Wheat researcher Sanjaya Rajaram named World Food Prize laureate

By Sarah Gonzalez

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WASHINGTON, June 18, 2014 - Sanjaya Rajaram, whose research led to a “prodigious” increase in world wheat production, was named the winner of the 2014 World Food Prize today in a ceremony at the State Department in Washington.

Born in India and raised in Mexico, Rajaram worked alongside Norman Borlaug at the International Maize and Wheat Improvement Center in Mexico, eventually succeeding Borlaug as the head of the center's wheat breeding program. Borlaug, a Nobel Peace Prize winner known as the “Father of the Green Revolution,” founded the World Food Prize in 1987. The award has special meaning this year, the 100th anniversary of Borlaugh's birth.

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In announcing the award, World Food Prize President Kenneth Quinn noted that Borlaug himself called Rajaram “the greatest present-day wheat scientist in the world” and “a scientist of great vision.” His work is credited with increasing world wheat production by more than 200 million tons over 25 years.

“It is an honor to recognize Dr. Rajaram today for his development of an astounding 480 varieties of wheat, bred to offer higher yields, resistance to the catastrophic rust disease and that thrive in a wide array of climates,” Quinn said.

 
 World Food Prize President Kenneth Quinn

 

Rajaram, who was traveling and unable to attend the ceremony, said he was honored to be named a World Food Prize laureate, which includes an award of $250,000.

“I believe that the challenges of 21st-Century agriculture and food production are surmountable compared to the past and can be overcome provided we can bring together new knowledge and delivery systems to farmers in a very sustainable manner,” Rajaram said in a news release.

Secretary of State John Kerry delivered the keynote address at the ceremony, drawing a link between food security and world peace. “This is the time for a second Green Revolution,” Kerry said. “This is why Dr. Rajaram is being honored for his work in wheat, which will deliver 2 million more tons of wheat to the food market every year.”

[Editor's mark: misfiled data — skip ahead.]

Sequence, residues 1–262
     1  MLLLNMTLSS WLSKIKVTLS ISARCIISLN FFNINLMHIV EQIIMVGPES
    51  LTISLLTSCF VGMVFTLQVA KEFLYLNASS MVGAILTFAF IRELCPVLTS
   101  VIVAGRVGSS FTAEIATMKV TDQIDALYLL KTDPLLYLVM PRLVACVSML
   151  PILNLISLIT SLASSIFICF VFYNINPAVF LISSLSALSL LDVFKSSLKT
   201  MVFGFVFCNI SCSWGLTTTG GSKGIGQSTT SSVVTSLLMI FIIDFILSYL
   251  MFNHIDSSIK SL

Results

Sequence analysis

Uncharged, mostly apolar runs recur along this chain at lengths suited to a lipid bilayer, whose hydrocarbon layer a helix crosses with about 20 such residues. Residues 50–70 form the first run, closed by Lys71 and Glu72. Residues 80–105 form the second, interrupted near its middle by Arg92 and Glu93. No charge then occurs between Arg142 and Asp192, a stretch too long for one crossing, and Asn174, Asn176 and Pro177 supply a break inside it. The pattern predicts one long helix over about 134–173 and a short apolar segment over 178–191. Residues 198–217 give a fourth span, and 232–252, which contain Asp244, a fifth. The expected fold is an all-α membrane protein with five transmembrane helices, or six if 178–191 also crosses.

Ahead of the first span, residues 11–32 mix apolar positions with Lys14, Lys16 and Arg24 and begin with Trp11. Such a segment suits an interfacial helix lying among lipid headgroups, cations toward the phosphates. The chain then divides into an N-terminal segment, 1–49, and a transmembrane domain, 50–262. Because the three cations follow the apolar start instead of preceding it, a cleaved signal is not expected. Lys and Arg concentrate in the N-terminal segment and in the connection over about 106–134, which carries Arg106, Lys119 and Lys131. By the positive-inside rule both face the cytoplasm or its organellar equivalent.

Kerry said the World Food Prize correlates with President Obama's Feed the Future program, an initiative to address global hunger and food insecurity. He also took the opportunity to announce the appointment of Nancy Stetson as the State Department's  special representative for global food security.

Also in attendance at today's ceremony were Julie Borlaug, Norman Borlaug's granddaughter; Deputy Agriculture Secretary Krysta Harden, and Democratic Senator Tom Harkin from Norman Borlaug's home state of Iowa.

The World Food Prize is the foremost international award recognizing individuals whose achievements have advanced human development through food. Rajaram will receive the prize during the Borlaug Dialogue Symposium in Des Moines, Iowa, October 15-17. That's the final event of the Borlaug centennial year, which has included events in India, Mexico and the unveiling of a Borlaug statue in the U.S. Capitol Statuary Hall. Borlaug died in 2009.

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